For the last couple of months, I've been skimming articles in the retail news that mention how 'warm weather has boosted retail sales' or how, 'suppliers benefited by unseasonably warm weather'.
At first, I read these articles with a sneer. This is London, I thought, there is the tube for god’s sake, one need never even see the sky. Who on earth would be silly enough to let a little rain put them off going outside? But then I remembered two things:
• As a sixth-former, I used to work in a shop. A lovely little independent shop in Salisbury selling handmade Indian furniture and knick knacks, on the corner of a busy high street. As soon as the first rain drops fell, it was just me, my boss, and our donuts. And if it kept raining, nobody would come. Ever.
• As soon as it starts raining, I peer outside, grimacing. I look at my son, who will need to be bundled into a hermetically sealed pram even to go to Tesco Express (one hundred metres away), and I think of that horrid damp feeling that comes with even a moment spent in drizzle. No, I decide. We will watch Cbeebies.
According to the British Retail Consortium, the typically inclement British weather is the second largest influence on the public's spending patterns, after the state of the economy - and neither are too 'hot' at the moment, if you'll forgive the pun. So, the reports of a spike in retail sales (mostly ice-cream, flip flops and, um, more ice-cream) in May should come as no surprise. And on the other side, we should also not be surprised that the wet weather of June and July will mean a fall in sales of all stocked ‘summer’ items, from salads to sundresses – losses that can’t be covered even by the current deep discounting.
However, there is a rainbow on the horizon (sorry, sorry, can’t stop myself), as retail analysts report that department stores do well when the weather is inclement – passers by take cover from the rain in them. John Lewis has seen a spike in sales of televisions and cushions recently – showing consumers more prone to buying ‘indoor’ items that will allow them to stay out of the rain.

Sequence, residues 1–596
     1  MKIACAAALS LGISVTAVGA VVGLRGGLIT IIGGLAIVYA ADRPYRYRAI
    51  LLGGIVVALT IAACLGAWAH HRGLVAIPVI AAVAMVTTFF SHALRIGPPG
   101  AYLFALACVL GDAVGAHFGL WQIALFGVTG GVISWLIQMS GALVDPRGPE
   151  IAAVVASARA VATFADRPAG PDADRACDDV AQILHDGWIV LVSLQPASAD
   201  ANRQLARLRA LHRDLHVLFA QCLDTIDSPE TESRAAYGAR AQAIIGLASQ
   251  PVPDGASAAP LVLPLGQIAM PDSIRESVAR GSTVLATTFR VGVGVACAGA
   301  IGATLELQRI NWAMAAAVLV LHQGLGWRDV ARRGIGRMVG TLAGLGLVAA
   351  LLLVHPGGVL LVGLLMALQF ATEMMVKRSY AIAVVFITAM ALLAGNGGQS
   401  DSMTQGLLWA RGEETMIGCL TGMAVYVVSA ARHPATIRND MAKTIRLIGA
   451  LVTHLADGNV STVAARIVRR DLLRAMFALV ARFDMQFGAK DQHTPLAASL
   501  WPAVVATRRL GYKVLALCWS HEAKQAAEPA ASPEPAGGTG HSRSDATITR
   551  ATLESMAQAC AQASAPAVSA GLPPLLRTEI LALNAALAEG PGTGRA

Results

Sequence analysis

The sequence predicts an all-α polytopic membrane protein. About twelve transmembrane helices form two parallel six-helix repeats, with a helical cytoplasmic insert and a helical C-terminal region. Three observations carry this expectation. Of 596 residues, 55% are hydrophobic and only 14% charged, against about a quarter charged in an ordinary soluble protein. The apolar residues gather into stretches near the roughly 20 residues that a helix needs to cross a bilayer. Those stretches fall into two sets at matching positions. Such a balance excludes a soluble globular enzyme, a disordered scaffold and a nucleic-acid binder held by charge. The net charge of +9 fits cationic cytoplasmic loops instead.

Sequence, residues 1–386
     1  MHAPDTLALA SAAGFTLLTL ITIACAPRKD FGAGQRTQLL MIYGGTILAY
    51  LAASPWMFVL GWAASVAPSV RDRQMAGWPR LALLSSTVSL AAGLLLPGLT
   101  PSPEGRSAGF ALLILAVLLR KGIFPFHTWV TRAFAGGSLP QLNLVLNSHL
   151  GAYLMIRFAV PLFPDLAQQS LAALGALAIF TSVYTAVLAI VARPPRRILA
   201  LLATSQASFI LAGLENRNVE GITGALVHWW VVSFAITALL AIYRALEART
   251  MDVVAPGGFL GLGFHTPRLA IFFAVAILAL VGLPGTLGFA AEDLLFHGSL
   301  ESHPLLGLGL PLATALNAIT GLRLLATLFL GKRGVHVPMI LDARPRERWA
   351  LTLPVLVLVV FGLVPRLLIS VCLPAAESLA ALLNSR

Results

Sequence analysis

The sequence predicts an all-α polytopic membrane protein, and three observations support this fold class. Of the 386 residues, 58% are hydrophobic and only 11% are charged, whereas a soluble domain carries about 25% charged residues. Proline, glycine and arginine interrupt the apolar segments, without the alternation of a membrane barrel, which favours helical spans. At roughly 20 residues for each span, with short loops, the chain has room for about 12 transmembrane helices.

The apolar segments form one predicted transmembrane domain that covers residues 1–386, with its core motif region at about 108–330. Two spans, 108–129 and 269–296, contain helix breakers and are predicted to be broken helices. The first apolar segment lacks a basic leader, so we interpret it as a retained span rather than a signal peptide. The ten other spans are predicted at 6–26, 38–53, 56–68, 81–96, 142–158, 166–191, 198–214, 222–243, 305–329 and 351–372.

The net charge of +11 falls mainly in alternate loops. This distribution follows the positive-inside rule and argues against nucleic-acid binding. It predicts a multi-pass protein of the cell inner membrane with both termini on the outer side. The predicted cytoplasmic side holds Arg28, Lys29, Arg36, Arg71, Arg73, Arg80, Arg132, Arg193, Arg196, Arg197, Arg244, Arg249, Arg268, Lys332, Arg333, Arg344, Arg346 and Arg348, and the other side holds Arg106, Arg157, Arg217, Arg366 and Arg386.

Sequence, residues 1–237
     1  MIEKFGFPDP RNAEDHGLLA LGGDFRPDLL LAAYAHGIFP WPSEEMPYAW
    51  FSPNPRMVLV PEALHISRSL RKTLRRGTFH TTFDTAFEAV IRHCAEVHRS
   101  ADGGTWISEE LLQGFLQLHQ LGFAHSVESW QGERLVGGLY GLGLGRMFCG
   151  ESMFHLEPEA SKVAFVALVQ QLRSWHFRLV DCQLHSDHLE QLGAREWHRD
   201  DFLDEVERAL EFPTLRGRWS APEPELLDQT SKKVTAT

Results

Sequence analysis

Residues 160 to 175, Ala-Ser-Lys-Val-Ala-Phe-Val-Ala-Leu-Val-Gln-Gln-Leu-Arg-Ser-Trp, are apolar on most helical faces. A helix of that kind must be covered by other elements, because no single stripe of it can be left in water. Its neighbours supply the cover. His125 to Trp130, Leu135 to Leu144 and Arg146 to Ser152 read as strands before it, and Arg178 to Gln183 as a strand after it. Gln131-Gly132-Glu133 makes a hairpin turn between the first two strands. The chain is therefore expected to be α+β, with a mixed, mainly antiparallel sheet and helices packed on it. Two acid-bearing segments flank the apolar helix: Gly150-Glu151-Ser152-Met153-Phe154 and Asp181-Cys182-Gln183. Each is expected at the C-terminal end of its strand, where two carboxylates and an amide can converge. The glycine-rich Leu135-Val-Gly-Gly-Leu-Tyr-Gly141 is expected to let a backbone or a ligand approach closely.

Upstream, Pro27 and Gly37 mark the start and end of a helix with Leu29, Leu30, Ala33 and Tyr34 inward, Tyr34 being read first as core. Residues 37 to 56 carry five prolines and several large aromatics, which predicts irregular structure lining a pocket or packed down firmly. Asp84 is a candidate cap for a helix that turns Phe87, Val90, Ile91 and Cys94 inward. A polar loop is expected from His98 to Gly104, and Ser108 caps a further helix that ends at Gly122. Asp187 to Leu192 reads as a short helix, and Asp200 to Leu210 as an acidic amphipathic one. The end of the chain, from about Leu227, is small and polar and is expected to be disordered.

To combat this, supermarkets such as Tesco use software to track and plot sales information for individual products against past weather for every single day of the year, spanning back several years. Which is genuinely big data. By analysing these data sets they can identify trends in spending versus trends in weather. Tesco are arguably the best supermarket in England when it comes to collection and, crucially, implementation of this kind of data. So when that rise in temperature comes one morning in July (fingers crossed), it's burgers and sun cream at the ready, poised to move down Tesco's slick supply chain. This is the apogee of retailing: to be able to predict with such accuracy, one's stock requirements and consumer needs. In fact, Tesco have claimed that their use of weather data to manage stock levels saves them £6 million per year.
And many retailers in the UK are doing just that, with some moving part of their supply chain base to the UK. A move like this means that the retailer does not have to buy so far ahead, and can react quickly to seasonal changes – it’s hoped that the financial benefits of this will outweigh the higher costs associated with a UK base. Not too reassuring for the independent little shop I worked in at sixteen - I can't imagine how the weather would prevent or encourage someone to buy a clown made of sari material, either way. But for any retailer who is selling goods with a demand level that might be weather-contingent, it's certainly worth considering what is just over the horizon.